Wednesday, August 20, 2008

Was "Cloud Computing" Common Before Dell Made A Grab For It?

Cameron Christoffers sympathizes with Dell regarding their argument that the term "cloud computing" was not in wide use when they made their trademark application in March, 2007. That may be so; my own first use of the word "cloud" was in August of that year, but I had referenced an article in ZDNet from August, 2006, that directly quoted Eric Schmidt of Google:
"It starts with the premise that the data services and architecture should be on servers. We call it cloud computing – they should be in a ‘cloud’ somewhere. And that if you have the right kind of browser or the right kind of access, it doesn’t matter whether you have a PC or a Mac or a mobile phone or a BlackBerry or what have you – or new devices still to be developed – you can get access to the cloud…"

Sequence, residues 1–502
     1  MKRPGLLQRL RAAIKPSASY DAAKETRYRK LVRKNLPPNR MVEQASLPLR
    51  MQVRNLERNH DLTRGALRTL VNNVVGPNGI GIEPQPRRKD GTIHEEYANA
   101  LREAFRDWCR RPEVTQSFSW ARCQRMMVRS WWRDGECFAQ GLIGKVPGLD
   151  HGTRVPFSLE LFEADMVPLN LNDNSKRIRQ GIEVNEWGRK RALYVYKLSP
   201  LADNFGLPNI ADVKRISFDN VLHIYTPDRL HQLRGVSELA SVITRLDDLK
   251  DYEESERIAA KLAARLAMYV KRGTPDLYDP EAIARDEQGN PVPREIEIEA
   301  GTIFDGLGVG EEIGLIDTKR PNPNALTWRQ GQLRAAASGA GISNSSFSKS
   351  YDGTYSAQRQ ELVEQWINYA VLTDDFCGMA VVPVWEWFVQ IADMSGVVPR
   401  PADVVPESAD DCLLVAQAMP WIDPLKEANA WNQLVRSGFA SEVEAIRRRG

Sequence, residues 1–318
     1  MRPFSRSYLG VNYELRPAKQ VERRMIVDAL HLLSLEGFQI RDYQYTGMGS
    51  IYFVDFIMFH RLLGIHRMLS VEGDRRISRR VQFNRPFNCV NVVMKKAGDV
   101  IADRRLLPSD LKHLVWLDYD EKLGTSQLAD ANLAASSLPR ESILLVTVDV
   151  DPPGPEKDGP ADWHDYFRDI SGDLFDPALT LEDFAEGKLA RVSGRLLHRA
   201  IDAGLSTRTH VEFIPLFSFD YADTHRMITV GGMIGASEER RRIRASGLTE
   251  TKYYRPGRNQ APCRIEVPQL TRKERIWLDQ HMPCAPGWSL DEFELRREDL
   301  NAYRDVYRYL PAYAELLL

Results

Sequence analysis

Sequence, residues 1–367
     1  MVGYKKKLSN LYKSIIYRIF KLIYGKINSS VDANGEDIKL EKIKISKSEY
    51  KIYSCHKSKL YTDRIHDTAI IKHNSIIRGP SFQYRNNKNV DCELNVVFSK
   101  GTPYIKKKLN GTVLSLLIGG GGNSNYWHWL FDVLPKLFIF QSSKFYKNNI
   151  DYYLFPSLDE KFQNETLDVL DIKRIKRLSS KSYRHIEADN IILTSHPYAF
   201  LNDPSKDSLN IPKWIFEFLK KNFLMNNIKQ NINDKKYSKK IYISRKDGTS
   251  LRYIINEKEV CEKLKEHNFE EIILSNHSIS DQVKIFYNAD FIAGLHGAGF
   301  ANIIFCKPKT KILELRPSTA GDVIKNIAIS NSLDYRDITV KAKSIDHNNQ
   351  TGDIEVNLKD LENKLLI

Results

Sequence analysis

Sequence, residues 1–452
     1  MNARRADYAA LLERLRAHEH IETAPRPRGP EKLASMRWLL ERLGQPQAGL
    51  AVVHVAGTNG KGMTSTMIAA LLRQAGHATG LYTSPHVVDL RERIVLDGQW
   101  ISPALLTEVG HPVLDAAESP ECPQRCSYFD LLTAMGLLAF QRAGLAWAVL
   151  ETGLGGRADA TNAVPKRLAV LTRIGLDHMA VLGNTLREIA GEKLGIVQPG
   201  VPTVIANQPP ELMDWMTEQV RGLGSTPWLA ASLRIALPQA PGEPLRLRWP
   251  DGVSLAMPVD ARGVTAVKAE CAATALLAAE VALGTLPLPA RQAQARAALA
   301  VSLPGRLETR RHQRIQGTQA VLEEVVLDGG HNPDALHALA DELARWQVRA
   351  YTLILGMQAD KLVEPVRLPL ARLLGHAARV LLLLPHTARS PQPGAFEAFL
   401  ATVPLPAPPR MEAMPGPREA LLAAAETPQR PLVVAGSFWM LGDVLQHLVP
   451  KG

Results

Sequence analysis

Clearly this is evidence that Google used the term widely within their ranks and with their customers, and that a solid argument could be make that the term was in "wide use" among the core techies that cared about the technology elsewhere. The rest of the market didn't care, but it was certainly not a term or slogan that was uniquely invented by Dell.

Still. No wonder the USPTO missed the "commonality" of the term initially.